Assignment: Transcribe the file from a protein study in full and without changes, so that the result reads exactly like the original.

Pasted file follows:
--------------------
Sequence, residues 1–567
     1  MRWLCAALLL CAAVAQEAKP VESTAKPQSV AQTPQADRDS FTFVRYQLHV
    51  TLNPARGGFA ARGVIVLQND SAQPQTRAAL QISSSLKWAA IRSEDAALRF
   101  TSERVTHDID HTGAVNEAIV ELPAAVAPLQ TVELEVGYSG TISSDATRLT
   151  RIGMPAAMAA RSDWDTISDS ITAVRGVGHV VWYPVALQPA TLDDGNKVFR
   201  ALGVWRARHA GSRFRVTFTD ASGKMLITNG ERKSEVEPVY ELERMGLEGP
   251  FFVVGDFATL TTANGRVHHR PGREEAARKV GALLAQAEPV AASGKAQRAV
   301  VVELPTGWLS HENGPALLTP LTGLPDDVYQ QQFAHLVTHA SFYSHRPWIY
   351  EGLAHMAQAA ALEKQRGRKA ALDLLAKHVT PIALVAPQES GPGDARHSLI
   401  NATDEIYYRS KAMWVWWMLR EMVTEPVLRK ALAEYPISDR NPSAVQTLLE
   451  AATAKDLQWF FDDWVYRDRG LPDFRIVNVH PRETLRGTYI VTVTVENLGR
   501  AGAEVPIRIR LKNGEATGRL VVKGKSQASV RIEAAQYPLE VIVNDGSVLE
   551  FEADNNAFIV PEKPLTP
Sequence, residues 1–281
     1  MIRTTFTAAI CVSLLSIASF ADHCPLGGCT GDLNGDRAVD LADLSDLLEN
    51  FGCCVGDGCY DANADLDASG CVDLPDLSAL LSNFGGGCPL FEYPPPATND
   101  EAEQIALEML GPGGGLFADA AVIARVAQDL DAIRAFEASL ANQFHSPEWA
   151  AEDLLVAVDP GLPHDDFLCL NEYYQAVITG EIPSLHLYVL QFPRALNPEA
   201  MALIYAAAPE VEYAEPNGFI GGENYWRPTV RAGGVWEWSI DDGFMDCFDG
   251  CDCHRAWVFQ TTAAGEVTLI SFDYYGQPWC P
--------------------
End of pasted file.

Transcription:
Sequence, residues 1–567
     1  MRWLCAALLL CAAVAQEAKP VESTAKPQSV AQTPQADRDS FTFVRYQLHV
    51  TLNPARGGFA ARGVIVLQND SAQPQTRAAL QISSSLKWAA IRSEDAALRF
   101  TSERVTHDID HTGAVNEAIV ELPAAVAPLQ TVELEVGYSG TISSDATRLT
   151  RIGMPAAMAA RSDWDTISDS ITAVRGVGHV VWYPVALQPA TLDDGNKVFR
   201  ALGVWRARHA GSRFRVTFTD ASGKMLITNG ERKSEVEPVY ELERMGLEGP
   251  FFVVGDFATL TTANGRVHHR PGREEAARKV GALLAQAEPV AASGKAQRAV
   301  VVELPTGWLS HENGPALLTP LTGLPDDVYQ QQFAHLVTHA SFYSHRPWIY
   351  EGLAHMAQAA ALEKQRGRKA ALDLLAKHVT PIALVAPQES GPGDARHSLI
   401  NATDEIYYRS KAMWVWWMLR EMVTEPVLRK ALAEYPISDR NPSAVQTLLE
   451  AATAKDLQWF FDDWVYRDRG LPDFRIVNVH PRETLRGTYI VTVTVENLGR
   501  AGAEVPIRIR LKNGEATGRL VVKGKSQASV RIEAAQYPLE VIVNDGSVLE
   551  FEADNNAFIV PEKPLTP
Sequence, residues 1–281
     1  MIRTTFTAAI CVSLLSIASF ADHCPLGGCT GDLNGDRAVD LADLSDLLEN
    51  FGCCVGDGCY DANADLDASG CVDLPDLSAL LSNFGGGCPL FEYPPPATND
   101  EAEQIALEML GPGGGLFADA AVIARVAQDL DAIRAFEASL ANQFHSPEWA
   151  AEDLLVAVDP GLPHDDFLCL NEYYQAVITG EIPSLHLYVL QFPRALNPEA
   201  MALIYAAAPE VEYAEPNGFI GGENYWRPTV RAGGVWEWSI DDGFMDCFDG
   251  CDCHRAWVFQ TTAAGEVTLI SFDYYGQPWC P